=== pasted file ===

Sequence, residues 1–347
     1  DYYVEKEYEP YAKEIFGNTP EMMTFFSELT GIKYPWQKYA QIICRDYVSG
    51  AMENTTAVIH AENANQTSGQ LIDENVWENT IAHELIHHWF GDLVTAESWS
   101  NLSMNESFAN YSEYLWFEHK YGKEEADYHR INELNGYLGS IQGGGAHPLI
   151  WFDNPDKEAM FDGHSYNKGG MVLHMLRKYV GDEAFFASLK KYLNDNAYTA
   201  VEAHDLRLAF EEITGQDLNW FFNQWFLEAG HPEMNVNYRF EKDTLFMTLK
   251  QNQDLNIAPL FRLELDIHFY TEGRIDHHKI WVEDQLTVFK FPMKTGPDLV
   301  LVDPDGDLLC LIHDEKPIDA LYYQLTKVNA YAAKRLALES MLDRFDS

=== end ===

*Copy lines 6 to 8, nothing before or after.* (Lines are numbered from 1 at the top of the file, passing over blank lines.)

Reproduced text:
   201  VEAHDLRLAF EEITGQDLNW FFNQWFLEAG HPEMNVNYRF EKDTLFMTLK
   251  QNQDLNIAPL FRLELDIHFY TEGRIDHHKI WVEDQLTVFK FPMKTGPDLV
   301  LVDPDGDLLC LIHDEKPIDA LYYQLTKVNA YAAKRLALES MLDRFDS